Metamorphosis: The Fascinating Secrets of How Clownfish Earn Their Stripes

Clownfish Amphiprion percula

Amphiprion percula, a species of clownfish photographed in Kimbe Bay, Papua New Guinea. Credit: Tane Sinclair-Taylor

The distinctive white stripes in clownfish form at different rates depending on their sea anemone hosts, a PNAS study finds.

  • Clownfish species develop their characteristic white stripes, or bars, during the process of metamorphosis
  • Researchers have now discovered that the white bars form at different speeds depending on the sea anemone the clownfish live in
  • Thyroid hormones, which are important for metamorphosis, control the speed the white bars form
  • Levels of thyroid hormones are higher in clownfish that live in the giant carpet anemone compared to clownfish living in the magnificent sea anemone
  • Clownfish living in the giant carpet anemone also show increased activity of duox, a gene involved in forming thyroid hormones

Charismatic clownfish, the coral reef fish made famous by the film Finding Nemo, are instantly recognizable by their white stripes. These stripes, which scientists call bars, appear as clownfish mature from larvae into adults in a process called metamorphosis, but how these distinctive patterns form has long remained a mystery.

Now, a new study has found that the speed at which these white bars form depends on the species of sea anemone in which the clownfish live. The scientists also discovered that thyroid hormones, which play a key role in metamorphosis, drive how quickly their stripes appear, through changes in the activity of a gene called duox.

“Metamorphosis is an important process for clownfish – it changes their appearance and also the environment they live in, as clownfish larvae leave life in the open ocean and settle in the reef,” said senior author Professor Vincent Laudet, who leads the Marine Eco-Evo-Devo Unit at the Okinawa Institute of Science and Technology Graduate University (OIST). “Understanding how metamorphosis changes depending on the sea anemone host can help us answer questions not only about how they adapt to these different environments, but also how they might be affected by other environmental pressures, like climate change.”

In the study, published on May 24th, 2021 in PNAS, a team of researchers from the Centre for Island Research and Environmental Observatory (CRIOBE) in France first surveyed the clownfish species, Amphiprion percula, in Kimbe Bay, Papua New Guinea.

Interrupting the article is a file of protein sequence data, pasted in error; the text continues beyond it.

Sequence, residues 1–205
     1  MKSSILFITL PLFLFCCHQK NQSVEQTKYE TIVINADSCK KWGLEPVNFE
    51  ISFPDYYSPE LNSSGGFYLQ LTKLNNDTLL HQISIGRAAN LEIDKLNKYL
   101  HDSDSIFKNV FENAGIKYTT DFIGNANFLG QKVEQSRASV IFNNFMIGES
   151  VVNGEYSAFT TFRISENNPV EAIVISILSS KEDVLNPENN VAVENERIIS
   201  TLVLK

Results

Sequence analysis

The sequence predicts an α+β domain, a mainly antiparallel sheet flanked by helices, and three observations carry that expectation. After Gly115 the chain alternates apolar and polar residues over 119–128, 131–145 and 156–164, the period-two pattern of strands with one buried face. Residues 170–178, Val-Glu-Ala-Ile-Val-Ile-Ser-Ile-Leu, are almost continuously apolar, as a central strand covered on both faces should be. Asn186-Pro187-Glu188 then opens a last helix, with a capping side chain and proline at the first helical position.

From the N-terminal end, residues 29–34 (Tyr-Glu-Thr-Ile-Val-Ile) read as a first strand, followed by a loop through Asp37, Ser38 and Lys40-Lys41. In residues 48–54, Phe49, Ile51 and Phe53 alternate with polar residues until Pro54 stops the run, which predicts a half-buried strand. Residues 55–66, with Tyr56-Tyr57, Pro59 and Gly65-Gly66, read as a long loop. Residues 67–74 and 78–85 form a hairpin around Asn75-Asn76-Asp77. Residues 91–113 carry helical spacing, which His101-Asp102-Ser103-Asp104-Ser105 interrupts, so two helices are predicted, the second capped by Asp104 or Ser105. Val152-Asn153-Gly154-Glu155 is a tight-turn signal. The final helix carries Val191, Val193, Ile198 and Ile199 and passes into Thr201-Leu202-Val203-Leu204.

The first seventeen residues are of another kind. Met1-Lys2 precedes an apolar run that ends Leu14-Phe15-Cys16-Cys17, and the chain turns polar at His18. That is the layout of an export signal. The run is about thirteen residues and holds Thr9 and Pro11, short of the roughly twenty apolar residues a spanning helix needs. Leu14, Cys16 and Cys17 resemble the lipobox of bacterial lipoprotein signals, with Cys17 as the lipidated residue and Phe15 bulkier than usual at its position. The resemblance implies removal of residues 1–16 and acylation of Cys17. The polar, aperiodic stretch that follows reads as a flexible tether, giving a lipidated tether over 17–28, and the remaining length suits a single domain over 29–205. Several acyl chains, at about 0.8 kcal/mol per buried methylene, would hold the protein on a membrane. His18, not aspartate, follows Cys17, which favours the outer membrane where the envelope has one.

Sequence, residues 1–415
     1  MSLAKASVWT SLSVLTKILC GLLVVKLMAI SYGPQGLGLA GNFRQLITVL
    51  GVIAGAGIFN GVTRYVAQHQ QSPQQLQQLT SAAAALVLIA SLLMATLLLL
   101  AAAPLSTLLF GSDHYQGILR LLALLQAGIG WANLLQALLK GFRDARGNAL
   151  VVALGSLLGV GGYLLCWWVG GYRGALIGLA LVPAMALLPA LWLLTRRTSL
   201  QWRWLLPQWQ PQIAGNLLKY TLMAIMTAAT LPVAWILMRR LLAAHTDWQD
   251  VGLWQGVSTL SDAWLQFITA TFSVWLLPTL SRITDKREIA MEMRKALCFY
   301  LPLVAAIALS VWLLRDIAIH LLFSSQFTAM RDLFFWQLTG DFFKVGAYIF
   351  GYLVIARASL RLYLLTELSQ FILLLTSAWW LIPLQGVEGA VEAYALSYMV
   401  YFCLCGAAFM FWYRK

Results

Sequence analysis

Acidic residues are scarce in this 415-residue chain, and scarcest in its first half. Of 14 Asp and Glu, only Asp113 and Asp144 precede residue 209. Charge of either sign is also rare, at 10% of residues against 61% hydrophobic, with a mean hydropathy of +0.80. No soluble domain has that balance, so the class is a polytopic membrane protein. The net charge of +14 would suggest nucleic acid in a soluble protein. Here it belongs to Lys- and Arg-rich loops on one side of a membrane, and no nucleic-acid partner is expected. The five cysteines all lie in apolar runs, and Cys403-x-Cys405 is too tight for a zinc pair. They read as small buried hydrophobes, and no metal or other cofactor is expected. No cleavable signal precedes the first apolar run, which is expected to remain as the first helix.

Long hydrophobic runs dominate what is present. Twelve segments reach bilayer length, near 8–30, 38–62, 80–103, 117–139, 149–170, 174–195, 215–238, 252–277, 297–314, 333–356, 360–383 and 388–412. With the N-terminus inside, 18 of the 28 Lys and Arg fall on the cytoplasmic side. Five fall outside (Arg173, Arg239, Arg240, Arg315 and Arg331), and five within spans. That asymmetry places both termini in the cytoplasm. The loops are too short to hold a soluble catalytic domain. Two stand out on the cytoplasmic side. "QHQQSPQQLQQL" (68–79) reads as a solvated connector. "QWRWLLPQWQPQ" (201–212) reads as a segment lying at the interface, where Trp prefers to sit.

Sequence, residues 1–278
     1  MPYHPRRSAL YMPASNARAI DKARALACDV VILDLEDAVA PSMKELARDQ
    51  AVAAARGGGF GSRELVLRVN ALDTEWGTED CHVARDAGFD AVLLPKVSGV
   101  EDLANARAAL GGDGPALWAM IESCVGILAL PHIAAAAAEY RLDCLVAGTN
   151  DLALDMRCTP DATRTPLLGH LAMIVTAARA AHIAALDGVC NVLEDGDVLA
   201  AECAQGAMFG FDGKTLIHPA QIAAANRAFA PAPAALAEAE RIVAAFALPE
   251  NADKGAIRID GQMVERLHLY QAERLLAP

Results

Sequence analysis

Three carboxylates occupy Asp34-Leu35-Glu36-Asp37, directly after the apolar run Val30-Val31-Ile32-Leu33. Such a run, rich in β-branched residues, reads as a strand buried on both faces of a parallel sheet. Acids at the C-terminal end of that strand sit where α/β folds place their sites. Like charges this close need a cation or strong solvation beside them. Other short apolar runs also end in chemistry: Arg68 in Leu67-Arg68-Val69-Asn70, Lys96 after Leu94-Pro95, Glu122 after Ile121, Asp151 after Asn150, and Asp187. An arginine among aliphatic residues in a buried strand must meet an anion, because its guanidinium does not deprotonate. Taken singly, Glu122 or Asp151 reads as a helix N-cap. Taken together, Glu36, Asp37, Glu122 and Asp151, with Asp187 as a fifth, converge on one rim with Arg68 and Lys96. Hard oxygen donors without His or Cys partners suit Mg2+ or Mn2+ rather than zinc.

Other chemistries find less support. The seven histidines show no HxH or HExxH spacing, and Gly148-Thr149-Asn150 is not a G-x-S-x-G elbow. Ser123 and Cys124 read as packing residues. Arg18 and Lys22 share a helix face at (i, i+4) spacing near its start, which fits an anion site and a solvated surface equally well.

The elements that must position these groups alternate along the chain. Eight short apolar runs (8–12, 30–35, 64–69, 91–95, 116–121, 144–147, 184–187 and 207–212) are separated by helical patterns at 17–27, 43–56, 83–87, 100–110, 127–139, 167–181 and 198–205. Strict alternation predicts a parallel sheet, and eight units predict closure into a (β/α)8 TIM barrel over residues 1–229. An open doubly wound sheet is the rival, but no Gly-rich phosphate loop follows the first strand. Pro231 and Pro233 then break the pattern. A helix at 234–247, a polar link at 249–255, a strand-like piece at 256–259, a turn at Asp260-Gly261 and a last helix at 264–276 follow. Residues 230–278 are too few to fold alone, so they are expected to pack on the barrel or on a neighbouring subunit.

Two Species Sea Anemone

The clownfish species, Amphiprion percula, relies on either the long-tentacled sea anemone, Heteractis magnifica (left) or the short-tentacled Stichodactyla gigantea (right) as its host. The sea anemones, armed with toxic stinging cells on their tentacles, protect clownfish from predators on the reef. The clownfish also protect the sea anemone from predators and provide nutrition and oxygenation to their host. Credit: Kina Hayashi

The clownfish there can live either in the magnificent sea anemone, Heteractis magnifica, or the more toxic giant carpet anemone, Stichodactyla gigantea.

During the survey, the team made a fascinating observation; the juvenile clownfish that lived in the giant carpet anemone gained their adult white bars faster than clownfish living in the magnificent sea anemone.

Clownfish Develop Their Stripes at Different Rates

During metamorphosis, the clownfish, Amphiprion percula, turns a vibrant orange and develops three white bars in succession, from head to tail. The rate at which the bars form depends on the sea anemone that the clownfish live in. Clownfish living in the long-tentacled anemone, Heteractis magnifica, (left) have fewer stripes than clownfish of the same age and size living in the shorter, carpet-style anemone, Stichodactyla gigantea (right). The image shows the typical appearance of clownfish aged 150-200 days. Credit: Fiona Lee, Academia Sinica, Taiwan

“We were really interested in understanding not only why bar formation occurs faster or slower depending on the sea anemone, but also what drives these differences,” said first author Dr. Pauline Salis, a postdoctoral researcher at the Observatoire Océanologique de Banyuls-sur-Mer, Sorbonne Université Paris, who studies color patterning in coral reef fish.